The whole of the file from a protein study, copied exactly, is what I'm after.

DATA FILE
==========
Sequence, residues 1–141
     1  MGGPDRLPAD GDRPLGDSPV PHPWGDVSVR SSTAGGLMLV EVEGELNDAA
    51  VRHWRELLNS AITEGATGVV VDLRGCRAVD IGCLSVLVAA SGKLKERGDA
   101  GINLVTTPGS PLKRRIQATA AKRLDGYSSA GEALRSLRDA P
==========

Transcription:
Sequence, residues 1–141
     1  MGGPDRLPAD GDRPLGDSPV PHPWGDVSVR SSTAGGLMLV EVEGELNDAA
    51  VRHWRELLNS AITEGATGVV VDLRGCRAVD IGCLSVLVAA SGKLKERGDA
   101  GINLVTTPGS PLKRRIQATA AKRLDGYSSA GEALRSLRDA P